remove [-rt] mboxname
                              remove mboxname.  The r flag removes any
                              subfolders while the t flag truncates,
                              rather than removes.
          delete mboxname number ...
                              Delete the messages with the given num-
                              bers from mboxname.
          flag mboxname flags number ...
                              flag the given messages.

          The flags file records persistant message flags.  These
          flags are a superset of the standard IMAP message flags.
          Flags are stored in order.  Unset flags are represented by a
          `-' while set flags are represented by the following ordered

          a  answered
          D  deleted
          d  draft
          f  flagged
          r  recent
          s  seen
          S  stored

          Messages of the form [+-]flags may be written to the flags
          file.  Fs maintains the r flag.  Mail readers are expected
          to maintain other flags.

          The options are:

          -D            Trace 9P protocol messages.
          -S            Log to console in addition to the standard
          -b            stands for biffing.  Each time new mail is
                        received, a message is printed to standard
                        output containing the sender address, subject,
                        and number of bytes.  It is intended for peo-
                        ple telnetting in who want mail announcements.
          -c cachetarg  attempt to keep the cache below cachetarg
          -d            loud debugging.
          -f file       use file as the mailbox instead of the
                        default, /mail/box/username/mbox.
          -i            chatty index debugging.

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     UPASFS(4)                                               UPASFS(4)

          -l            logging.  Turn on logging via syslog (and to
                        the console with -S) to the file /sys/log/fs.
          -m mntpt      mount on mntpt rather than the default
          -n            Don't open a mailbox initially.  Overridden by
          -p            turn off plumbing.  Unless this is specified,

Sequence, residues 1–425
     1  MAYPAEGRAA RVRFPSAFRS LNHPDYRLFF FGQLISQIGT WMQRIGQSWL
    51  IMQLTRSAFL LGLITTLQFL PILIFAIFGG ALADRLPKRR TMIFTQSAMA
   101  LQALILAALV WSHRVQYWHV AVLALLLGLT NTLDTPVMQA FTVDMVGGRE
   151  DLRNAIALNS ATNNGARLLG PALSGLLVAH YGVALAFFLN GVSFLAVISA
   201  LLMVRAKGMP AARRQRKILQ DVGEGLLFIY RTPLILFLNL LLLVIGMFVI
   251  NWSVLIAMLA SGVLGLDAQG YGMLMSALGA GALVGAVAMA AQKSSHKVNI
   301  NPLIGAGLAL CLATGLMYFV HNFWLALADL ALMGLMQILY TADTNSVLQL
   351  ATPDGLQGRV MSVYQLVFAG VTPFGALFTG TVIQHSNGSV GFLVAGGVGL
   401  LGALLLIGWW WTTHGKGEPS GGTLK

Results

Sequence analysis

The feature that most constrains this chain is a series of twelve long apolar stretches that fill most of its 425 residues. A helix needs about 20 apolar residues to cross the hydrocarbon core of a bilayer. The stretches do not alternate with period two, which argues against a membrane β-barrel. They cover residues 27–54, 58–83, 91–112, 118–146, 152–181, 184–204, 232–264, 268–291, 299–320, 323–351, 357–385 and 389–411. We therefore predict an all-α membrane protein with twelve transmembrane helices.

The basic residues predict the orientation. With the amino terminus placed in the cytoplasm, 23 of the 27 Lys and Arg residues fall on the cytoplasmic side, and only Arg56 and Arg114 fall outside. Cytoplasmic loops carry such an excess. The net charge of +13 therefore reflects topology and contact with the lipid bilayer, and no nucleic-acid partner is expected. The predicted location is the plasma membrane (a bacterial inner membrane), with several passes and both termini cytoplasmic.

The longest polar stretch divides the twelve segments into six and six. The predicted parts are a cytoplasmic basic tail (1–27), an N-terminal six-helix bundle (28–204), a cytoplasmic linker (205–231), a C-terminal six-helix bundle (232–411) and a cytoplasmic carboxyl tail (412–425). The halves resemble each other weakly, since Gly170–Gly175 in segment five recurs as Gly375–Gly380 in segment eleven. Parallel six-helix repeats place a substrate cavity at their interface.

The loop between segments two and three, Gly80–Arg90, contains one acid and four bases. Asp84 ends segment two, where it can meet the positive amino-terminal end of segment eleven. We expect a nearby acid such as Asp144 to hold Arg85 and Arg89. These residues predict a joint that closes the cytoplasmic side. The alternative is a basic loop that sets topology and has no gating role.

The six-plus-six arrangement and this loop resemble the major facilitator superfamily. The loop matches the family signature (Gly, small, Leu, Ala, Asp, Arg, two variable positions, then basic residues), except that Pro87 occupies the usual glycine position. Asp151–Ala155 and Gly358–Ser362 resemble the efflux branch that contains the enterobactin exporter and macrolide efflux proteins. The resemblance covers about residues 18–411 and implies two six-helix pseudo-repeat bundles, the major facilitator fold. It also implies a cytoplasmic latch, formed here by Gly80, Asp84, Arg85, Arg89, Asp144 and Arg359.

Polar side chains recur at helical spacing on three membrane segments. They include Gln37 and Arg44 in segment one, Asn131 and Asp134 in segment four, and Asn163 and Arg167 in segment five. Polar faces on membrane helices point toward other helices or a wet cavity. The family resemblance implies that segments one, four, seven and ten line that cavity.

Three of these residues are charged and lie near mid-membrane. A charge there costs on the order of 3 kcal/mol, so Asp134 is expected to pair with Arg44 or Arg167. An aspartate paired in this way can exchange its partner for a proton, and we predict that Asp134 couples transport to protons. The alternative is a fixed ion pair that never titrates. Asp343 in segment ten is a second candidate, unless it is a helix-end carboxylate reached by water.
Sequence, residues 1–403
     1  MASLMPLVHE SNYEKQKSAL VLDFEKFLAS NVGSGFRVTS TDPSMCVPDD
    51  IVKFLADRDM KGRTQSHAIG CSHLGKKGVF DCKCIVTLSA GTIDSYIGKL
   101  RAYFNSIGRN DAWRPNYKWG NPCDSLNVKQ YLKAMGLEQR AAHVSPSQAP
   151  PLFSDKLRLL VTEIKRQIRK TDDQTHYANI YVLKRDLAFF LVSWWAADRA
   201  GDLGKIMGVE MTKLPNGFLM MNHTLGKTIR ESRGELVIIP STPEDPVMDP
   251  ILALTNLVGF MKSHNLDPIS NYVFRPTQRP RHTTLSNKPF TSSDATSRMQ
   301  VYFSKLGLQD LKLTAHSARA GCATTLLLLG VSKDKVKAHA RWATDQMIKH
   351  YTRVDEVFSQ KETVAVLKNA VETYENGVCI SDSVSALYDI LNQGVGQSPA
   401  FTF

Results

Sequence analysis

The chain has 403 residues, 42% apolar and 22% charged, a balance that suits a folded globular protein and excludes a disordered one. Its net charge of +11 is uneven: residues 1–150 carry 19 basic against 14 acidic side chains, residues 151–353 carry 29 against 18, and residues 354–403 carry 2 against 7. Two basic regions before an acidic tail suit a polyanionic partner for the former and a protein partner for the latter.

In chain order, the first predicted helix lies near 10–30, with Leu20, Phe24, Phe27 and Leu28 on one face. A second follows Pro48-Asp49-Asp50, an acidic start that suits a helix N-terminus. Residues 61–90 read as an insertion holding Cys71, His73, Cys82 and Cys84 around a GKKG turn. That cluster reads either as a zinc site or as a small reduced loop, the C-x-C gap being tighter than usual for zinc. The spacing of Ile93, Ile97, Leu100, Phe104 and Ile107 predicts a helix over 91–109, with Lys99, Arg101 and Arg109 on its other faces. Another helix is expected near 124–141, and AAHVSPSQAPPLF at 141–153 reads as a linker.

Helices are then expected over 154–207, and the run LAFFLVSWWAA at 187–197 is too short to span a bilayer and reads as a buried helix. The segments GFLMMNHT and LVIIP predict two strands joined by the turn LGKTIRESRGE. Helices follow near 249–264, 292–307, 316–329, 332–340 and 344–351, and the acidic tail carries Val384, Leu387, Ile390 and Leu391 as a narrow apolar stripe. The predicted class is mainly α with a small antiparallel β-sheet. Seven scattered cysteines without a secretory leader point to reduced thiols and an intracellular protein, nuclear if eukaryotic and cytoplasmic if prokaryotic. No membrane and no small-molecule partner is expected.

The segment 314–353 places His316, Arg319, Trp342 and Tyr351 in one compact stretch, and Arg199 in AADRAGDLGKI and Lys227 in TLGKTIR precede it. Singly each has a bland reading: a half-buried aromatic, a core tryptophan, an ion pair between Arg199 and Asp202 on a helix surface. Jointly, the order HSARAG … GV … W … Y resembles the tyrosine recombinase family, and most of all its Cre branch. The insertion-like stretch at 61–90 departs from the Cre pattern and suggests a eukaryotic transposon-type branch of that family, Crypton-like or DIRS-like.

fs sends a message to the plumb port, seemail,
                        from source mailfs for each message received
                        or deleted.  The message contains the
                        attributes sender=<contents of from file>,
                        filetype=mail, mailtype=deleted or new, and
                        length=<message length in bytes>.  The con-
                        tents of the message is the full path name of
                        the directory representing the message.
          -s            causes fs to put itself in /srv with a name of
                        the form /srv/upasfs.user.

          Fs will exit once all references to its directory have dis-

          Fs interprets mailbox file names of the form
          /proto/host/user to mean access an account on host using the
          given protocol.  Authentication is delegated to factotum(4).
          The final /user may be omitted, in which case the user name
          is gleaned from the key held by factotum. The following pro-
          tocols are supported:

          pop      cleartext POP with password authentication
          apop     cleartext POP with challenge-response (APOP)
          poptls   TLS-encrypted POP with password authentication
          apoptls  TLS-encrypted POP with challenge-response (APOP)
          imap     cleartext IMAP with CRAM-MD5 or password authenti-
          imaps    TLS-encrypted IMAP CRAM-MD5 or password authentica-

          The two IMAP protocols allow an optional fourth field speci-
          fying a mailbox name, for example /imap/server/user/stored.

          Poptls and apoptls connect to port 110 in plaintext and
          start TLS using the POP STLS command.  Imaps connects to
          port 993 and starts TLS before initiating the IMAP conversa-
          tion.  There should probably be pops, apops, and imaptls
          protocols as well.  (Pops and apops would connect to port
          995 and start TLS before initiating the POP conversation,
          and imaptls would connect to port 143 in plaintext and start
          TLS using the IMAP STARTTLS command.  (That's the nice thing
          about standards-there's so many to choose from.))

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     UPASFS(4)                                               UPASFS(4)

          /mail/box/*              mail directories
          /mail/box/*/mbox         mailbox files
          /mail/box/*/mbox.idx     mailbox indicies
          /mail/box/*/L.mbox       mutual exclusion lock for altering
                                   mbox (mbox format only)


          aliasmail(8), faces(1), filter(1), mail(1), marshal(1),
          mdir(6), mlmgr(1), nedmail(1), pop3(8), qer(8), rewrite(6),
          send(8), upasfs(4),
          Erik Quanstrom ``Scaling Upas'', Procedings of IWP9, Octo-
          ber, 2008.